Establishing structure has been the one thing that I have learned is vital while working with children with FASD. Setting expectations for all children help encourage them to do their best. For example, by involving the child in what, how and why they are learning there is more room for success. I believe that when we learn what works for our children and share that with their teachers we are creating a more encouraging environment for our child.
Reminding a child over and over may get cumbersome but helps build memory. If a child needs to call home every single day to let her mom know that she made it to school safely and forgets, her mother calls wondering if her daughter is okay. Anything exciting can happen along the way to school and make the child forget to make the call. That may be another part of the structure that needs to be addressed, she may need a reminder from her teacher.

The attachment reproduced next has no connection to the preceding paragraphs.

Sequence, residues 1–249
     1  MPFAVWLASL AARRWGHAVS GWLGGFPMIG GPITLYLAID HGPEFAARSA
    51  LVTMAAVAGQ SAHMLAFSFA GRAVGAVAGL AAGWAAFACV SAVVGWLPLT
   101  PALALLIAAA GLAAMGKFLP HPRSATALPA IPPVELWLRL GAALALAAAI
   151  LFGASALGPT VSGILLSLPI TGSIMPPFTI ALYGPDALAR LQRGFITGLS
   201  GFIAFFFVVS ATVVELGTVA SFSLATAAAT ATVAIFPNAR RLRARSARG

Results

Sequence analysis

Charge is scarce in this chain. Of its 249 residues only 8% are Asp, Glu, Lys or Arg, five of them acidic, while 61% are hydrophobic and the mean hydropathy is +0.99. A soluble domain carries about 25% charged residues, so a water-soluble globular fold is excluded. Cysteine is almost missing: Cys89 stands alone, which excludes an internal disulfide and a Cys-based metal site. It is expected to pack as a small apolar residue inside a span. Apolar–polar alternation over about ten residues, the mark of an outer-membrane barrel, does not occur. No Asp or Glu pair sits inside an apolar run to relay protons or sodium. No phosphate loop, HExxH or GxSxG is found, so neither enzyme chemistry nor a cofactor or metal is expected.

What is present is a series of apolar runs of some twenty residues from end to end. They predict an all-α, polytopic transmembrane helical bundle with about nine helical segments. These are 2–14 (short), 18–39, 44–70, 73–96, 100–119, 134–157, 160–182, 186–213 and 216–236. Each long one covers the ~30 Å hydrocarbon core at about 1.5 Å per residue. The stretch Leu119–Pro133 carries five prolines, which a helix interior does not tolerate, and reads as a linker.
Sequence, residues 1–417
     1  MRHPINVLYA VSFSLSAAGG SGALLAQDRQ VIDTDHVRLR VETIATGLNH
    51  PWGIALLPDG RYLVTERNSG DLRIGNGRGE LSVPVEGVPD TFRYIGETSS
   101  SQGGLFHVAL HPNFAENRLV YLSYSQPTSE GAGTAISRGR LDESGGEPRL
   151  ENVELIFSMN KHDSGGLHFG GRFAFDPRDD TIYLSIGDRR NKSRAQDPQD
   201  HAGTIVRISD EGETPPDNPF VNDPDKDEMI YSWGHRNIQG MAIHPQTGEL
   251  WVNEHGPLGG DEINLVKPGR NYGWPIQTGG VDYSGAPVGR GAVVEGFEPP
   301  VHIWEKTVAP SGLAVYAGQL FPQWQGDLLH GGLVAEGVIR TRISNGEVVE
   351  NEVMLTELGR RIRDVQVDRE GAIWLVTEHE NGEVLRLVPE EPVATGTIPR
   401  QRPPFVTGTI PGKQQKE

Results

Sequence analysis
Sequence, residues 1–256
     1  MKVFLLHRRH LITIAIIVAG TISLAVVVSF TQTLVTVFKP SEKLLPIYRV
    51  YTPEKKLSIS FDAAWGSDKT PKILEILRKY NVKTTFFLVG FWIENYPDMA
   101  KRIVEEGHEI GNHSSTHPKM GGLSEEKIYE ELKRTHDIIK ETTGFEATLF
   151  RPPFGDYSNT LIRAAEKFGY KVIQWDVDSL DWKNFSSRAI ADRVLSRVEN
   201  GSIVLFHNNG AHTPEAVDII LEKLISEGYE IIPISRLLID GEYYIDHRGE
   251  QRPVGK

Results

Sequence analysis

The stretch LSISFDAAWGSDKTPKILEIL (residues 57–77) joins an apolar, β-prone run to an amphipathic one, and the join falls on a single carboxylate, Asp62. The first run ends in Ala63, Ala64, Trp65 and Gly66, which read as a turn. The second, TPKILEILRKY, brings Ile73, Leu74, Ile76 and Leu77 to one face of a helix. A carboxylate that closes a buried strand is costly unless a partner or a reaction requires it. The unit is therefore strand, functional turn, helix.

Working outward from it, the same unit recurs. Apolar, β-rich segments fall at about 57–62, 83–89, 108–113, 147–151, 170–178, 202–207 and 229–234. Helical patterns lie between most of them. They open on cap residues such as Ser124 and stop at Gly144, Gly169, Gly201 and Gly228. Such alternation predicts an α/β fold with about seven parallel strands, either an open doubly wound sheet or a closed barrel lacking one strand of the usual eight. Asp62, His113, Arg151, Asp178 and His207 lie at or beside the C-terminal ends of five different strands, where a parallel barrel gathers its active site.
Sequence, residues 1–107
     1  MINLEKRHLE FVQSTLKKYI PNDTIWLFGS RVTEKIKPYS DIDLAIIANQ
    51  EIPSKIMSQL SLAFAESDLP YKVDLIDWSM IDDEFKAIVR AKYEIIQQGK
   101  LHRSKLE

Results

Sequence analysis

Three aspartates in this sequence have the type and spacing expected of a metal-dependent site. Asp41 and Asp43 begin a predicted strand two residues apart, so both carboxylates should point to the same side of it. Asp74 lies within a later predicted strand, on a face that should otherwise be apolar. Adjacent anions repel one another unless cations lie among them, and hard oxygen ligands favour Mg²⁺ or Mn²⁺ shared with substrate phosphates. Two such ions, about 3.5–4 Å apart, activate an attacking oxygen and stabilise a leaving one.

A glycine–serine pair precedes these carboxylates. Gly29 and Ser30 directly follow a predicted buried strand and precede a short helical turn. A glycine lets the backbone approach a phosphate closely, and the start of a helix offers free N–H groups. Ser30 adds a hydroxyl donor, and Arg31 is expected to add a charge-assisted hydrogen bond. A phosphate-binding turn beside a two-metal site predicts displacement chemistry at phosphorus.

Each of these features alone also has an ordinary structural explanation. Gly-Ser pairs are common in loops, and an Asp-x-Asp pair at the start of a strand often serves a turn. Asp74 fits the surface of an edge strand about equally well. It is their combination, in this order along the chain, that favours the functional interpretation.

I find that having patience and taking the time to find out what works for each individual child helps make the classroom a friendlier place. There are cases when we don't have time and hurry along. When that happens we can see those that have fallen behind. But by starting out knowing what works for some there may be others that will benefit from the altered structure in the classroom.